NOTE: This is one of two variations I found for this authentic Mexican drink, and it is the one I remember. The other way is to use equal parts of tequila and Kahlua(or other coffee liqueur), but I find this cloyingly sweet. There are north-of-the-border versions of this as well made with equal parts tequila, Kahlua and vodka…with or without the lime juice; some of them are also shaken with ice and strained into a glass like a martini. I urge you to try the recipe above before any others.

ANOTHER NOTE: The last time he and I communicated, he delivered great news to me: he and a friend had opened up a pastry and coffee shop! Besides pastel de tres leches, and pastel de chocolate(3-milk cake and chocolate cake, respectively), he informed me of the delicious carrot cake they also serve! I had no idea…! It’s too bad that my mother doesn’t speak any Spanish, save margarita and cervesa; I would ask her to locate his shop to stop by and give my regards Oh, well…



  1. bee said,

    what a wonderfully evocative writing style you have. i will be trying this drink. it has all my fav ingredients. kahlua is beaten hands down by tia maria as a coffee liqueur, i think. so i’ll try it with tia maria.

    I like Tia Maria too; actually, I heard somewhere that the best coffee liqueur can be made at home, but I haven’t tried it yet. This is a simple drink, but I think the flavour of tequila is so nice; when i go out I just ask for a black russian made with it instead of vodka (plus a lime). Thanks for the compliment- I’m trying! when I started this blog, it had been years since I had written anything!

  2. bee said,

    your right side bar is all mucked up, pel, with things running off to the blue section. .
    is it my IE browser or do others see this as well?


  3. Anita said,

    Ahh, if only I had spotted this a couple of hours sooner….before I sat down for that margarita! 🙂 But it seems like it may be a nice drink for a Mon night too (the weekend is too far away)! You are right, there is no way I wouldn’t like this drink.

    Good one, Pel. Cheers!

    I had a feeling you would! Sorry I couldn’t squeeze any potatoes in there… 😀

  4. Anita said,

    I know what Manisha is going to say, “Get Firefox, people!” Everything looks fine to me, Bee. What did they use before Firefox, I can’t even remember? It was a long time ago! 😀

  5. Manisha said,

    Get Firefox, people! It’s a better browser!

    Pel, I need to detoxify before I can try your Toro Bravo. My friends were just telling me about Puerto Vallarta, especially the villages around it. Maybe one day…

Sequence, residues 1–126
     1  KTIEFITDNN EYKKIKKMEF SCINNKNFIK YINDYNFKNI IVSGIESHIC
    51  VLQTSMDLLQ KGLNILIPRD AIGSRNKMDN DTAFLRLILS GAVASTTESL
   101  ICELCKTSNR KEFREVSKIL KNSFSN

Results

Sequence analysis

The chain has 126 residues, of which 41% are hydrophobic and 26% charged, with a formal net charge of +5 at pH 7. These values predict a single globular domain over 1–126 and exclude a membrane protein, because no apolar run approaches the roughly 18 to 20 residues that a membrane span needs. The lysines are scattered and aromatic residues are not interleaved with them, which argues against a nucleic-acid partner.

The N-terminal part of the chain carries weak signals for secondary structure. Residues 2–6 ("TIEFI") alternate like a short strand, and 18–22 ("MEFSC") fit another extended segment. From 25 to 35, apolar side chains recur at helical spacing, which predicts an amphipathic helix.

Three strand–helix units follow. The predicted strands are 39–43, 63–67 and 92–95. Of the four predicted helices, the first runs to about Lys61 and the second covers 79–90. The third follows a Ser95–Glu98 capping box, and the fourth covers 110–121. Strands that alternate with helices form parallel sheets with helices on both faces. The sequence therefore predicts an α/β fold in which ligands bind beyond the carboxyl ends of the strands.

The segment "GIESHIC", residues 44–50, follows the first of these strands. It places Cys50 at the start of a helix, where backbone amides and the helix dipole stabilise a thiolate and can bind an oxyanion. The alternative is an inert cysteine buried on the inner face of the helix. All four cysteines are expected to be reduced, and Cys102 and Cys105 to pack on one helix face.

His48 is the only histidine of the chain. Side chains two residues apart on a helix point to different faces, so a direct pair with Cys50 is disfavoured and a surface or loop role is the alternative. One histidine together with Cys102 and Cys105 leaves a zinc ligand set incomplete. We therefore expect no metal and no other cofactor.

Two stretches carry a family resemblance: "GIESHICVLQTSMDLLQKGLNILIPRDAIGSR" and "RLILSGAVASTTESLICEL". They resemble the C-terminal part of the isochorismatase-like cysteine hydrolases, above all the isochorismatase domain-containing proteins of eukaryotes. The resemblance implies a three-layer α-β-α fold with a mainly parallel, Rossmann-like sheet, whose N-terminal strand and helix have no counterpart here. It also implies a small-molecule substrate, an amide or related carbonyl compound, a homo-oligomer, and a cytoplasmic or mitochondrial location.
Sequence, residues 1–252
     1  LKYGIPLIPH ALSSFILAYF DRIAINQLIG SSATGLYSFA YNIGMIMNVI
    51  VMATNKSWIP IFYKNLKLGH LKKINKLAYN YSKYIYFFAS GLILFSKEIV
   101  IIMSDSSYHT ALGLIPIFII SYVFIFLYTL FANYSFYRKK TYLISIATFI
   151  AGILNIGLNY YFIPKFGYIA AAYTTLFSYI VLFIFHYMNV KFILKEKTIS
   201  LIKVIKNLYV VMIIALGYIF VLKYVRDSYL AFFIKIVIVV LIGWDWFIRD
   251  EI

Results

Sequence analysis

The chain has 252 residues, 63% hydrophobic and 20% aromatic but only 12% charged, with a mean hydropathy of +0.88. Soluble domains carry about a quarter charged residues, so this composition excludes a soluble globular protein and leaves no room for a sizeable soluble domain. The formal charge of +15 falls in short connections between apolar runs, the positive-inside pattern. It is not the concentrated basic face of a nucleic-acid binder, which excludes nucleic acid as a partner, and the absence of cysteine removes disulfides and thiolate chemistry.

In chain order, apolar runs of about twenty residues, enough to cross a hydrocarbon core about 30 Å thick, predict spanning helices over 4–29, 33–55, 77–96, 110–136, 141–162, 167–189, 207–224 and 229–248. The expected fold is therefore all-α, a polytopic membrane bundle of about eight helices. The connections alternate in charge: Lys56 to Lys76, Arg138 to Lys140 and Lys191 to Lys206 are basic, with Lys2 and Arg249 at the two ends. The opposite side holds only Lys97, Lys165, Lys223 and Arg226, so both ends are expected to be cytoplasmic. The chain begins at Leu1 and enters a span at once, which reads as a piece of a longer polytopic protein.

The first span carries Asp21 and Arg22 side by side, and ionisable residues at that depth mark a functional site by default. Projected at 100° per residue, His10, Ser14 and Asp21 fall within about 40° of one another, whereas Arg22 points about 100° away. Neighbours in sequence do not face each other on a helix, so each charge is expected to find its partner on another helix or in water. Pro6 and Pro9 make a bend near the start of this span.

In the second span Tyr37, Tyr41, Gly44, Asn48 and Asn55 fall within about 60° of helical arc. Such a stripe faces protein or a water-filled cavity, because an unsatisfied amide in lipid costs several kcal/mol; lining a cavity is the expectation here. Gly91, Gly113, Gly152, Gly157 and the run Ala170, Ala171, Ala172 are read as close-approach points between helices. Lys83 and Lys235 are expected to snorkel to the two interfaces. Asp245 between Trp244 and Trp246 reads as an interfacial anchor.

That sepia-toned picture is just perfect for this post! Slightly blurry yet clear enough to tell the story. Love it!

    Tia Maria brings back wonderful memories. I grew up on swigs of Tia Maria. Yum! Does it have a market here in the US? I thought it was a European liqueur (maybe not? too lazy to look it up right now) – which I refuse to pronounce as likor. I am often corrected when I say likyuer. I find Kahlua a bit too sweet. But in a mudslide, it’s perfect!

    Oh yeah…Tia Maria is everywhere…I’m not sure where it’s made…Mexico too? Look it up dearie…get back to me. I’ll wait! 🙂

    Don’t say likyoor!….you’ll sound so gauche… 🙂 say it this way….lee- koer…I don’t know how to write that vowel; it isn’t in Umrikan….the Germans use it and spell it “oe” or in Icelandic it’s the “o” with the two dots over it…..or, if you know Vietnamese, 🙂 it’s the vowel in the noodle soup called “Pho”….kind of like “fir” but with a speech impediment problem with “r’s”… 😀 If you aren’t getting it I’ll send you an mp3… 😀 You can say “lychee martinis” OK, right? 😀

    I knew you were gonna say something about the pic! Glad you dig.

    You gotta go to Pto. Vallarta Manisha… but bring TH with to keep an eye on you or you’ll end up falling in love with one of the many charming men who flock to the city from all over Mexico and the rest of the world… it’s that romantic… could be the tequila… ? 🙂

  6. kittie123 said,

    are u a chef i want to be a chef i thinks that would be so so so sos os so os so much fun […..]

    No kittie, I am not…I think it’s a wonderful study, but I wouldn’t enjoy the long work hours. I prefer to cook at home for friends, family and myself. Catering would be the furthest I would ever like to go with this hobby. Do you do any cooking now?

  7. Anita said,

    I wanted to comment on the pic too…but had hit ‘submit’ twice already…

    The pic has what I would call ‘atmosphere’ (for the lack of not being able to recall a much much better word – please help!)…the tones, and not to miss the background…very effective! Quite the artist, Pel. (I am waiting those ‘feedback reviews’…)

    Mexico…[sigh] your $20 will go a long way here as well – and try to imagine what happens to me when I visit Umreeka…look at the price tag, appreciate it very much, thank you.

    PS: Did you have one too many when responding to the comments? 😀

    Ha ha! Non, au contraire…too few! 🙂 I’m glad you like the pic; that means a lot to me!